Arbor Age

Arbor Age Jan/Feb 2013

For more than 30 years, Arbor Age magazine has been covering new and innovative products, services, technology and research vital to tree care companies, municipal arborists and utility right-of-way maintenance companies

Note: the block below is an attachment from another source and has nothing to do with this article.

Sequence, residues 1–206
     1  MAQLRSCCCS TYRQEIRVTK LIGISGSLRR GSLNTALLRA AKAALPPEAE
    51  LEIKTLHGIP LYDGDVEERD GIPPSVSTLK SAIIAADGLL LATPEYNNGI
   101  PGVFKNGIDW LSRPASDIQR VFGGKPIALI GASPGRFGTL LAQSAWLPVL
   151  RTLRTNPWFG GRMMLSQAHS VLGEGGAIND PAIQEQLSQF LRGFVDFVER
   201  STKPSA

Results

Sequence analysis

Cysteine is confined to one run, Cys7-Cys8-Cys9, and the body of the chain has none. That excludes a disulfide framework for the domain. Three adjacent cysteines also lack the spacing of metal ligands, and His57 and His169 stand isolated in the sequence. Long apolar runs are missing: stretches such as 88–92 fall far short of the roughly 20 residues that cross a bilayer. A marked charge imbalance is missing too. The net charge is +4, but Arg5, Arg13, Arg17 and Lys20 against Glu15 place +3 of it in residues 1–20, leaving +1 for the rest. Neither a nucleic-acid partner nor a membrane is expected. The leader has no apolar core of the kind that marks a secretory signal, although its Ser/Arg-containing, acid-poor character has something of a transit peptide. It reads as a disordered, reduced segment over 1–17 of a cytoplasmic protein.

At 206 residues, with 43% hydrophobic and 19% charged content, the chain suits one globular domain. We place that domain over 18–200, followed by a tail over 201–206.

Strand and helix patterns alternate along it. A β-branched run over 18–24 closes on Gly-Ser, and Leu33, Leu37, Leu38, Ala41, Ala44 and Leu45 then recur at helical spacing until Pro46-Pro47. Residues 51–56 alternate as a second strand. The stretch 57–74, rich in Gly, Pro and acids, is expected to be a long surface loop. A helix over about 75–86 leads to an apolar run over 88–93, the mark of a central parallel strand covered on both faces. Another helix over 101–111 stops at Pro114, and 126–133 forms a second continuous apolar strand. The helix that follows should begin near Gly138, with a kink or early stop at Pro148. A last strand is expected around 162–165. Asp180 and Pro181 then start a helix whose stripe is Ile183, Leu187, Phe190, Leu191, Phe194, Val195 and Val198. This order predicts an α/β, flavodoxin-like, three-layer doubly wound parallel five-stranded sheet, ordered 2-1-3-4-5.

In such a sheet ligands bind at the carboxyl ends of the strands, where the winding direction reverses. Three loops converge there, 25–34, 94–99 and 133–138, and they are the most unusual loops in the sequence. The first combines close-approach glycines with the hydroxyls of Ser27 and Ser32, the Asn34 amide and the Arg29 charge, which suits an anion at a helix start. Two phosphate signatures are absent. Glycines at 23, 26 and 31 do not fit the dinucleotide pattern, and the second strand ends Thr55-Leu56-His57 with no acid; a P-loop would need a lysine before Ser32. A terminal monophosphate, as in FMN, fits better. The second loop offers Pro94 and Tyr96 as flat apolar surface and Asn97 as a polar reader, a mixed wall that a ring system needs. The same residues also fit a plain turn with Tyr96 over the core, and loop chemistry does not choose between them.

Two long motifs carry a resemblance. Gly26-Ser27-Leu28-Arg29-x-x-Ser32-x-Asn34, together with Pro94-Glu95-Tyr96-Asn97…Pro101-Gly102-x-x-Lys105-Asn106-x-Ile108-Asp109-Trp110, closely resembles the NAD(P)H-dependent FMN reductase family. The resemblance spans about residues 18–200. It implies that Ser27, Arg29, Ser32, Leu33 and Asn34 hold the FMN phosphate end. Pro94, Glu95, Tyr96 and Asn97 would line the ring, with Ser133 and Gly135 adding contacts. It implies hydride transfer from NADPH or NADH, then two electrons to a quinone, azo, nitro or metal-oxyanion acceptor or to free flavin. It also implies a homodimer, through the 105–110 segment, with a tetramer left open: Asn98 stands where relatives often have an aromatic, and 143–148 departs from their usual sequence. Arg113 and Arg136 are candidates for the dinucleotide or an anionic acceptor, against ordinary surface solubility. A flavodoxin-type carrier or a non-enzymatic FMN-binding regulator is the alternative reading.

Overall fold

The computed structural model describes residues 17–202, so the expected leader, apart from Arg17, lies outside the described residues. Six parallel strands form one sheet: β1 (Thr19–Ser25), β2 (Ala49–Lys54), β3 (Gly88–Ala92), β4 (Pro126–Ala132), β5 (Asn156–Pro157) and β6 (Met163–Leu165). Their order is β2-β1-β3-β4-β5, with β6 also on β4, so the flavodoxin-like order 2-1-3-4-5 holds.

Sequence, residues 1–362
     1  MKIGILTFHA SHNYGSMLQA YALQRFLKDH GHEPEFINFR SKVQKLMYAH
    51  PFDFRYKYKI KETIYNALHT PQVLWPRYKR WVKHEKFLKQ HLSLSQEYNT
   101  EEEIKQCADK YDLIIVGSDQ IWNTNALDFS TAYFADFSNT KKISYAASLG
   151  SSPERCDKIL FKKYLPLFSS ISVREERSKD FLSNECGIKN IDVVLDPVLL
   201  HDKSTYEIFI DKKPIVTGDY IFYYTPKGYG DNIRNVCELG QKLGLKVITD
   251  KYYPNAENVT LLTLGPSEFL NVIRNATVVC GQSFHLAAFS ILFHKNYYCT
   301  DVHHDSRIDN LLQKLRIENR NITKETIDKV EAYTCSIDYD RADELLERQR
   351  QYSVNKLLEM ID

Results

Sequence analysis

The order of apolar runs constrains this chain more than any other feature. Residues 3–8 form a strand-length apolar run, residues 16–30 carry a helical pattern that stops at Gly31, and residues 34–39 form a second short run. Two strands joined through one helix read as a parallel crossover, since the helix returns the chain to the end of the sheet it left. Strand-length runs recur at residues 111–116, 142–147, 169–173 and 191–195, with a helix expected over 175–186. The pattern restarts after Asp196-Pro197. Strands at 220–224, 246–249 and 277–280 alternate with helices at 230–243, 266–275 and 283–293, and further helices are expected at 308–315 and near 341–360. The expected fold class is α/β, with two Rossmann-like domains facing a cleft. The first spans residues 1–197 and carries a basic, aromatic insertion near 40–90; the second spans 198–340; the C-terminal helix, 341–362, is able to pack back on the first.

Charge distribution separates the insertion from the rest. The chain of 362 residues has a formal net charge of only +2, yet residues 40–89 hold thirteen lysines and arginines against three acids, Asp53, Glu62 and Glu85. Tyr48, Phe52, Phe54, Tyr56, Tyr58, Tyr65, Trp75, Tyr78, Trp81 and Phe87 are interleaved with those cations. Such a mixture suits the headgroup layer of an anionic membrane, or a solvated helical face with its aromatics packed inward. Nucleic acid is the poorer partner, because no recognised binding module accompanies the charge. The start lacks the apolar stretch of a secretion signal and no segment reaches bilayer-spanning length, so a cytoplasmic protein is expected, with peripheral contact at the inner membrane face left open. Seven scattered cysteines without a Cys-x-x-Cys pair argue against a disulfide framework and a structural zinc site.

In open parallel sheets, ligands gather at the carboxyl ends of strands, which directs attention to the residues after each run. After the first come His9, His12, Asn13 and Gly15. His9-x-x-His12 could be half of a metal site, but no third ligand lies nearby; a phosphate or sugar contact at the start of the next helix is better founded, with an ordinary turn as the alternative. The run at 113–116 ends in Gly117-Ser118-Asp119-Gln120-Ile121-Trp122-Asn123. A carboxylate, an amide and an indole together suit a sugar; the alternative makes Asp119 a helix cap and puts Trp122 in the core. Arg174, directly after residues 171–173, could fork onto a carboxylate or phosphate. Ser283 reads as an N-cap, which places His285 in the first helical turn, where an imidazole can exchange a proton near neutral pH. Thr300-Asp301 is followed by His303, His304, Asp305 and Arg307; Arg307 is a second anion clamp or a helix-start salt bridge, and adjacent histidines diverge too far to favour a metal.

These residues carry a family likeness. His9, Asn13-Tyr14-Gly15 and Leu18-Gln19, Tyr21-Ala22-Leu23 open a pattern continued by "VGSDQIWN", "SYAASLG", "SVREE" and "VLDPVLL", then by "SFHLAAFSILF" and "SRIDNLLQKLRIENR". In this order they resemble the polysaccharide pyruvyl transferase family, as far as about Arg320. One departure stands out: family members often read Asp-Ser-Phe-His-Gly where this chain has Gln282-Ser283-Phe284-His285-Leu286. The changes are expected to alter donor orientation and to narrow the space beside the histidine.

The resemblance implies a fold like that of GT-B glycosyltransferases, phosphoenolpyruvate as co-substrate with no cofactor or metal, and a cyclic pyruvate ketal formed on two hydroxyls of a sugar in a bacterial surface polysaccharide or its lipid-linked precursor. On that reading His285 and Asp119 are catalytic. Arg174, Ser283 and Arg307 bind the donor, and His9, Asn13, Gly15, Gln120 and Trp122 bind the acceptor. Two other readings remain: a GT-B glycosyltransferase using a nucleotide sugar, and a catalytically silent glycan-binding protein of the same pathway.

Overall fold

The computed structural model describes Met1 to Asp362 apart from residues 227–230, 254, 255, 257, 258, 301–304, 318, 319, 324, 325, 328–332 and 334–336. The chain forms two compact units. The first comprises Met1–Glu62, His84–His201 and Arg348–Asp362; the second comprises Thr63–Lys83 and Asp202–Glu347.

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oaks provide an emotional link with the past. Citizens can visit the park and imagine early San Antonians picnicking under the draping canopies with limbs so long and heavy that they touch the ground. It is for these and so many other reasons close to each citizen's heart that the live oak is one of the most loved, revered, and treasured species in San Antonio. — Michael Nentwich, city forester, San Antonio,Texas, Parks & Recreation When you think of Savannah, one of the first images you have is live oaks adorned with Spanish moss.These trees add to the historic beauty and colonial charm that makes Savannah a destination city in the Southeast. Aside from their beauty,the live oaks may be near-perfect trees to have in the urban environment.They have a spreading canopy that can cover a large area, making them great shade trees to cool visitors, residents and historic buildings.The live oaks also keep the city green all winter long. Aside from the environmental benefits, live oaks can compartmentalize very well when injured, so they don't decay rapidly like other trees. Most of the deadwood is strong and secure, making them safer compared to other trees with similar diameters of deadwood. Live oaks can withstand weather events better than other tree species in Savannah, which helps lower the liability to the City.Their canopy provides a great habitat for a variety of wildlife, songbirds, lizards, and small mammals.The live oak is a very popular tree to have on one's property and can add considerable value. I cannot think of a more perfect tree for this city. Kudos, Quercus virginiana! — Michael Pavlis, tree maintenance supervisor, Park and Tree, City of Savannah, Ga. Southern live oak… No other tree species evokes such powerful classic imagery of the Southland. Graceful limbs draped in Spanish moss and resurrection fern arch over roadways to form a cathedral-like effect that leaves an indelible impression on all onlookers. Southern live oak is synonymous with Savannah; it is an integral part of the City's history, identity, character, and charm. The durability of live oak wood is legendary. The USS Constitution, the oldest commissioned warship afloat in the world (1797), was constructed using framework and timbers made of live oak harvested in Brunswick, Georgia. The ship was dubbed "Old Ironsides" for its ability to withstand canon fire.Why, I sometimes wonder, did Savannah's forefathers decide to plant Southern live oak so prominently throughout the city? Perhaps the species had already earned a reputation for strength and toughness! An ordinance passed by the General Assembly of the State of Georgia in 1895 established the first Park & Tree Commission in Savannah.The following year, the Commission expressed its preference for the use of live oak due to its long lifespan and hardiness.This legacy of live oak trees has endured to the benefit of generations of Savannahians. Southern live oak is hands-down the most durable, storm resistant, hardy tree in the Southeast and is truly a tree for the ages. — Bill Haws, forestry administrator, Park and Tree, City of Savannah Article provided by the Society of Municipal Arborists. Editor's Note: Arbor Age magazine is not affiliated with the Society of Municipal Arborists or the Urban Tree of the Year selection. By Len Phillips, ASLA Emeritus Botanical Name: Quercus virginiana Common Name: Live Oak, Southern Live Oak Family: Fagaceae Height: 40 to 80 feet Spread: 60 to 100 feet Growth Rate: Fast to moderate, 2 to 3 feet a year in youth, slows down with age Form: Massive and wide-spreading tree, horizontal branching Bloom Period: Early spring, late March to early April Flower: Brown catkins in clumps Acorn: 1/2 inch to 1 inch long, 1 to 5 per stem, 1/3 covered by cap, dark brown to black Spring Color: Old leaves drop off in spring, new leaves bright olive green Summer Foliage: Dark green, glossy, willow leaf shaped Autumn Foliage: No fall color Winter Interest: Evergreen leaves provide winter color Bark: Very dark, almost black, blocky appearance on mature trees Roots: Can form large surface roots Habitat: Native to the southeastern part of the United States Culture: Prefers moist bottomland, well-drained soil, tolerates alkaline and compacted soils Pest Problems: No serious disease or insect problems, very longlived tree exceeding 300 years Storm Resistance: Excellent Salt Resistance: Excellent Planting: Transplant in small sizes Propagating: Seed Pruning: For good structure prune annually in first 5 years, then every 5 years to age 30 Design Uses: Excellent specimen for parks, streets without sidewalks, mansions, and other large landscapes Companions: Best with other Live Oaks, junipers, and lawns Other Comments: Excellent specimen, suitable for street tree, usually graced with Spanish moss and strongly reminiscent of the Old South, extremely tolerant of hurricane force winds, useful in reforestation projects Awards: 2013 Urban Tree of the Year by the Society of Municipal Arborists; it is also the official state tree of Georgia Available from: Most large nurseries in Southeastern United States. Fact Sheet: factsheet.cfm?ID=78 Arbor Age / January/February 2013 9

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